South Korea has agreed to set up a special investment zone in Sri Lanka and provide enhanced dollar assistance from its EXIM Bank and greater development assistance from KOICA, as the island nation continues to struggle with low levels of foreign exchange.
According to Sri Lanka’s Foreign Affairs Ministry, the response from South Korea was positive with the Republic of Korea Foreign Affairs Minister Chung Eui-Yong agreeing to the request put forward by Foreign Affairs Minister G.L. Peiris.
However serious risk is the inability to monitor and control bureaucracy and corruption of the investment zone, economic experts said.
This had been the reason for the downfall of such zones in several countries, where the selection of businesses was not very transparent.
The experience is that where corruption has been rampant, many good companies have decided to keep away from investing in the IZs.
There are the immediate challenges of acquiring such lands and often in the excitement of announcing the establishment of IZs, these are downplayed or left for later causing significant delays in implementation and increased costs.
In the fresh round of discussions held in Seoul by the two ministers on Friday 08, the areas of trade and investment, political cooperation, defense initiatives, tourism and labour issues took the centre stage.
Prof. Peiris paid tribute to the multi-faceted relationship, which had developed between the two countries during their 44-year relationship and its present robust character.
In addition to seeking assistance, the ministers reviewed what was acknowledged as the “very beneficial impact of South Korean development programmes” in Sri Lanka, especially in the fields of water management, waste disposal and secondary education.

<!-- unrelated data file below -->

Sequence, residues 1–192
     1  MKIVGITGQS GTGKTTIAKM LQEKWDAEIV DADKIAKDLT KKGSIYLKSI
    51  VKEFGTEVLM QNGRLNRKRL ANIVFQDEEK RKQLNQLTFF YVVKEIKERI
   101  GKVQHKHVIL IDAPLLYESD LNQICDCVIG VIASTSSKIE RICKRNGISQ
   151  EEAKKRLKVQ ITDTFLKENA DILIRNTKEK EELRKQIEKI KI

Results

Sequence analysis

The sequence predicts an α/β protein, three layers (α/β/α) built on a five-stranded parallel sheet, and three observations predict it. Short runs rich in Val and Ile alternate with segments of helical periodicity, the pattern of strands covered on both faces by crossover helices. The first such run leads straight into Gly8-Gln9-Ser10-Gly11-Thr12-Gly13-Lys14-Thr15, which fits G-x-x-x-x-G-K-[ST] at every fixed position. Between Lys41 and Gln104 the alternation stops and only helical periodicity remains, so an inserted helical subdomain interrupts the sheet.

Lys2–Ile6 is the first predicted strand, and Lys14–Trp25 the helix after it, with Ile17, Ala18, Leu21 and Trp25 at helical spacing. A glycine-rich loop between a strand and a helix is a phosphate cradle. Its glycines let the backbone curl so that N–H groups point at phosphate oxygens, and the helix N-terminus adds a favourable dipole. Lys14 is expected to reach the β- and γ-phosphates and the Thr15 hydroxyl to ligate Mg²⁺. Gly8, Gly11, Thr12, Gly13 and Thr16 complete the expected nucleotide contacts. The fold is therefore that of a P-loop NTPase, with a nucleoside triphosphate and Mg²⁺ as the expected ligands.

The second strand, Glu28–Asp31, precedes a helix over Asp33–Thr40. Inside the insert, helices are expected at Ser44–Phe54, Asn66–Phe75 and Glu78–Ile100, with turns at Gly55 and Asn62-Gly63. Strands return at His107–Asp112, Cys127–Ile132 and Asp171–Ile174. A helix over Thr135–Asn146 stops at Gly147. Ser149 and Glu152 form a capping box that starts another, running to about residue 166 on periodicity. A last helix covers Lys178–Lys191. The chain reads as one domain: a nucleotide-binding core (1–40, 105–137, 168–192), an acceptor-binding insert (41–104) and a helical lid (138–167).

Eui-yong said that to increase the commitment to Sri Lanka, his ministry will engage with the private sector to consider greater assistance, especially in the fields of computer technology, electronics and pharmaceutical products.
In return, Sri Lanka will set up a special investment zone for South Korea, which will be the revival of an initiative that was embarked upon previously.
The balance of trade between the two countries is significantly in South Korea’s favour. Exports into South Korea are approximately US $ 71 million, while imports into Sri Lanka are at the threshold of about US $ 192 million.
Furthermore, the ministers agreed on exploring “practical ways” of overcoming some of the significant trade barriers, including customs levies on value-added products such as flavoured teas.
The Foreign Minister of Sri Lanka reiterated his country’s interest in receiving two naval craft from South Korea.
With regard to tourism, it was noted that about 12, 500 tourists visited Sri Lanka from that country before the onset of COVID 19.
Given that Sri Lankan Airlines operates a direct flight between Colombo and Seoul; Minister Chung agreed to work towards expanding the number of tourists visiting Sri Lanka from his country and also stimulating greater South Korean investment into the hospitality sector.
Minister Peiris expressed appreciation of the generous assistance received from Korea for combating the COVID-19 virus in Sri Lanka.
ApproximatelyUS$ 300,000 worth of equipment has already been received, with commitments of further assistance.
The Sri Lankan Minister requested Kotean cooperation in accelerating the vaccination of 22,000 Sri Lankans working in that country.